Every summer, the Historical Society brings a few high school student interns on board. The students get volunteer hours, and some experience in the many and highly varied activities of a small museum; we get some awesome free labor, and the satisfaction of introducing students to some neat stuff. If we’re lucky, the ones we don’t succeed in scaring off might return to volunteer some more during the school year. It’s win-win! This summer I had a few young women working on transcribing and researching some long-term projects, and they did a fabulous job. I thought I’d highlight some of their work for a few weeks.

The parrot makes another run for it; a relative falls ill

Three girls labored over faded, old-fashioned handwriting, transcribing a number of diaries from our archival collections. Mrs. Darius Clagett’s diary has been mentioned on this blog before, but it was never fully transcribed until this summer. Although it covers less than a year (June 25, 1924 – May 16, 1925), the journal provides a fascinating, and often poignant, glimpse into the life of an elderly woman in the early 20th century. Henrietta Eliza Brown Clagett (1878-1925), very recently widowed, is now living with her daughter and son-in-law in Rockville. Many of her entries concern her loneliness, her ill-health, and her dislike of being reliant upon her children. Every now and then, though, outside events perk her up. She takes an interest in her granddaughter Ethelyn’s callers, endorsing a few as “real old fashioned Southern gentlemen.” There is a distressing period when the family’s parrot, Mike, keeps flying away – Mrs. Clagett fears he is lost forever – until son-in-law Dr. Pratt advertises a reward; Mike is found living in a tree a few blocks away, and brought home safe and sound. (The image above shows her description of Mike’s second attempt at freedom.) Mrs. Clagett is completely outraged by the election of Calvin Coolidge, in sentiments familiar to modern people of any party:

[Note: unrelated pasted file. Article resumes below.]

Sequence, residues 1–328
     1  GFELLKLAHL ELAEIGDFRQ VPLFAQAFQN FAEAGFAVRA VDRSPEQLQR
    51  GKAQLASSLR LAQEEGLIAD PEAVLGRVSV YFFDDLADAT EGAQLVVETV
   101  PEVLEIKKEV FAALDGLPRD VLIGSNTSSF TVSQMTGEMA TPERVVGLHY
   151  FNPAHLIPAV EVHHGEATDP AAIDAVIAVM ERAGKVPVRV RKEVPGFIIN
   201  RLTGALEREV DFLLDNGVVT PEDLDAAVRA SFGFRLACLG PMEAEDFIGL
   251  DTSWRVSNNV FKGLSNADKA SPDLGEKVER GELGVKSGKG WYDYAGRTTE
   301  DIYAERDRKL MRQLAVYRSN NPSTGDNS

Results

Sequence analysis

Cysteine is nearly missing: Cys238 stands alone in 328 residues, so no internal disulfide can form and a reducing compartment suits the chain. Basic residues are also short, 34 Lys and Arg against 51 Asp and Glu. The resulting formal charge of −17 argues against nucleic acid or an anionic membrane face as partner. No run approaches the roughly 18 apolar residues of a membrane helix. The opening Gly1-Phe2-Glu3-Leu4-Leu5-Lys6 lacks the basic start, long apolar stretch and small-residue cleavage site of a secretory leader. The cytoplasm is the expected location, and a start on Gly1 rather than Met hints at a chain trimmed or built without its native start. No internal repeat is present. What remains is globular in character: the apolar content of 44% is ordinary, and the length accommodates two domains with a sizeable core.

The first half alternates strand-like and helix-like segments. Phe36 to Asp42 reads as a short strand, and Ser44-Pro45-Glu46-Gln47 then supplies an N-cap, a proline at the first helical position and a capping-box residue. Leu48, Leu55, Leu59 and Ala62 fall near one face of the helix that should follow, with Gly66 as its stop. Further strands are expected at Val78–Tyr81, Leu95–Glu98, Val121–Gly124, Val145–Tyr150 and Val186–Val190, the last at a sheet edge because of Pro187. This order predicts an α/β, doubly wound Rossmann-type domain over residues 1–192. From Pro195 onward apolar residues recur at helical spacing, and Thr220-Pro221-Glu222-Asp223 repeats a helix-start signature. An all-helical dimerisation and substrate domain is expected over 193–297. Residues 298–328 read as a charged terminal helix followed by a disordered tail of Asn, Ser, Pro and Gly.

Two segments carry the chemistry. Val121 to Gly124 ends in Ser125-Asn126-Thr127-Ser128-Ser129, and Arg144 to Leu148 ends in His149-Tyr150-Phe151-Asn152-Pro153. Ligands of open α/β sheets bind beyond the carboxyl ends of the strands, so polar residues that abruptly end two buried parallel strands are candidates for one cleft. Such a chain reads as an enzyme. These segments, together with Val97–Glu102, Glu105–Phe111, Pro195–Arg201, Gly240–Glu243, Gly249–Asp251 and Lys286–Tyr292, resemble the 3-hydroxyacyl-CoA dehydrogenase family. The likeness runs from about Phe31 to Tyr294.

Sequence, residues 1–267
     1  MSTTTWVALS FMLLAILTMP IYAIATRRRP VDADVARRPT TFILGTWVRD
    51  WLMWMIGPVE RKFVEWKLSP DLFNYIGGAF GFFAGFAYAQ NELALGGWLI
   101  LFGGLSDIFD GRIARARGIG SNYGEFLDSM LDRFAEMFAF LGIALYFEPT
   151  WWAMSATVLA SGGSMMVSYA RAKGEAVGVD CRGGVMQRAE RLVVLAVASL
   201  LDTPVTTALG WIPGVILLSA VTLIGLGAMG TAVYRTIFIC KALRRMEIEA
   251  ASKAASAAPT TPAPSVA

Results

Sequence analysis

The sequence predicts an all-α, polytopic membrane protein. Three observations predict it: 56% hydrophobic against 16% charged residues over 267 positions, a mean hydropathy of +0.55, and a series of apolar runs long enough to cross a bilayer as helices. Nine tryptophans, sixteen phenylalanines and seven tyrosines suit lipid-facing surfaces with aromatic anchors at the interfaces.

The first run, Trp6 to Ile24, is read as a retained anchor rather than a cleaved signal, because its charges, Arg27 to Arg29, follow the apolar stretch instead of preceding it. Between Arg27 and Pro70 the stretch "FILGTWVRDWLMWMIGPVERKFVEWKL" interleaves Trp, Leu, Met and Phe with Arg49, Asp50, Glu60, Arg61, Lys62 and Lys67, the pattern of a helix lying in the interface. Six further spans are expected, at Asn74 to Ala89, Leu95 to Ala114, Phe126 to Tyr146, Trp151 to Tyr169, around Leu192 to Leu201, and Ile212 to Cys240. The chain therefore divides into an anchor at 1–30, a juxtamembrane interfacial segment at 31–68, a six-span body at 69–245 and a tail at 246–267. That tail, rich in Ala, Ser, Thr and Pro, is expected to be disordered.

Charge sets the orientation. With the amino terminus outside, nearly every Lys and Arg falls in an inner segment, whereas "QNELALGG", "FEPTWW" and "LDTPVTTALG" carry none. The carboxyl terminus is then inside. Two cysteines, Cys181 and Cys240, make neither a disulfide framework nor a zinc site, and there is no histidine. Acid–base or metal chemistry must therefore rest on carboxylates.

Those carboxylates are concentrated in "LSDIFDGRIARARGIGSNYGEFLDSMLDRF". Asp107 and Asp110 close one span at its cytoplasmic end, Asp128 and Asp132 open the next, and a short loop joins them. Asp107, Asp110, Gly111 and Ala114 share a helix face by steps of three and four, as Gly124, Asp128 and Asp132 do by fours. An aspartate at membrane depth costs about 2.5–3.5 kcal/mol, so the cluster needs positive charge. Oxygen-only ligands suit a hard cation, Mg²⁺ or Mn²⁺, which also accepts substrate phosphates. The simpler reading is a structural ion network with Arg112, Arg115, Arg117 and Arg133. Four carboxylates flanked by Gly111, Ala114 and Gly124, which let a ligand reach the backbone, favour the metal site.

Tuesday Nov 4th 1924 

As it looked like it might rain Effie and I went down early to Polls to vote for Davis. I pray he may be elected but am afraid he will not he is such a splendid man.

Wed Nov 5th 1924 

We are dreadfully disappointed to have the Republicans win, and our country given over to corruption and wickedness. It’s dreadful to think of, what is in store for all who live to see it.

from Henry Copp's 1890 "Peerless Rockville" brochure

Next week I’ll highlight another newly-transcribed diary (thanks, girls!) and ramble on for a while about how much I love reading about the people’s daily lives.  In the meantime – we do not, sadly, have a photo of Mrs. Clagett, or of her daughter’s family – but above, here’s the Pratt home in Rockville, where Mrs. Clagett, Dr. Pratt, Effie Pratt, Ethelyn Pratt, their live-in servant, and Mike the Parrot were living in 1924-25.  (Granted, this shows the house in 1890; sorry.  It’s from the 1890 “Peerless Rockville” promotional brochure.)

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